Food reaches its highest price in 32 years | News


Global prices for food commodities such as wheat, corn and vegetable oils jumped significantly in March to record highs, as the crisis in Ukraine spread shock across commodity markets. basic grains and vegetable oils, the Food and Agriculture Organization of the United Nations (FAO) reported on Friday.


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The FAO Food Price Index averaged 159.3 points in March, 12.6 percent higher than in February, when it had already reached its highest level since the index was created in 1990.

The index tracks monthly changes in international prices for a basket of commonly traded food products. The last level of the index was 33.6 percent higher than in March 2021.

According to the FAO, the cereal price index was 17.1 percent higher in March than in February, driven by large increases in the prices of wheat and all coarse grains, largely as a result of the conflict in Ukraine.

The United Nations agency recalled that Russia and Ukraine, together, accounted for about 30 and 20 percent of world exports of wheat and corn, respectively, during the last three years.

According to the report, world wheat prices soared 19.7 percent during the month, exacerbated by market concerns about crop conditions in the United States.

Meanwhile, corn prices posted a 19.1 percent month-on-month rise, reaching an all-time high along with those of barley and sorghum. As for the rice price index during March, it was little changed from February and thus still 10 percent below the previous year’s level.

The FAO Vegetable Oil Price Index rose 23.2 percent, driven by higher quotations for sunflower seed oil, of which Ukraine is the world’s leading exporter.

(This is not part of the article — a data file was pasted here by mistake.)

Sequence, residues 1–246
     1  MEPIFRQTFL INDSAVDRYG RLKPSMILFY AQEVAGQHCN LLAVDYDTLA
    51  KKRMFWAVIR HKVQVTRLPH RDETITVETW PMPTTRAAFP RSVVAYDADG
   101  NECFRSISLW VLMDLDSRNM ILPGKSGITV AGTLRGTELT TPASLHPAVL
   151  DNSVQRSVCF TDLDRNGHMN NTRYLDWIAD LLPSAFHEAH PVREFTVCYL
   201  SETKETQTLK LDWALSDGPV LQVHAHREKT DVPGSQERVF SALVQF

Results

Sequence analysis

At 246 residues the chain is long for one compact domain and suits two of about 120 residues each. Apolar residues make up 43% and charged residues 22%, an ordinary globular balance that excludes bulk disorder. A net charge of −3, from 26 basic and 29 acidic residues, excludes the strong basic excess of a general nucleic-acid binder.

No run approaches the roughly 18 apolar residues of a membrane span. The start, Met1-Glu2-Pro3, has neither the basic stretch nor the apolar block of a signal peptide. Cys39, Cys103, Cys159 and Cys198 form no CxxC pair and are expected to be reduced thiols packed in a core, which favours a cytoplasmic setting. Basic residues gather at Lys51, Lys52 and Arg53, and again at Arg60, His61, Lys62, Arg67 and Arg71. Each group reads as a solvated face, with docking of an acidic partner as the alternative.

Palm, soybean and rapeseed oil prices also rose notably as a result of higher sunflowerseed oil prices and higher crude oil prices, with soybean oil prices further supported by concerns. on the reduction of exports from South America.

The FAO Sugar Price Index rose 6.7 percent from February, reversing recent declines to hit a level more than 20 percent higher than March 2021. Higher crude oil prices were a factor. coupled with the appreciation of the Brazilian real currency, while favorable production prospects in India prevented further monthly price increases.

At the close of the 2021 agricultural year, the FAO estimate points to a world cereal production of 2,799 million tons, slightly higher than that of 2020, and rice production reaches a historical maximum of 520.3 million tons (in equivalent of ground rice).

FAO lowered its forecast for world cereal trade in the current marketing year to 469 million tonnes, marking a contraction from the 2020/21 level, largely due to the conflict in Ukraine and based on currently available information. .

Expectations point to the European Union and India increasing wheat exports, while Argentina, India and the US will ship more corn, partially offsetting the loss of exports from the Black Sea region.

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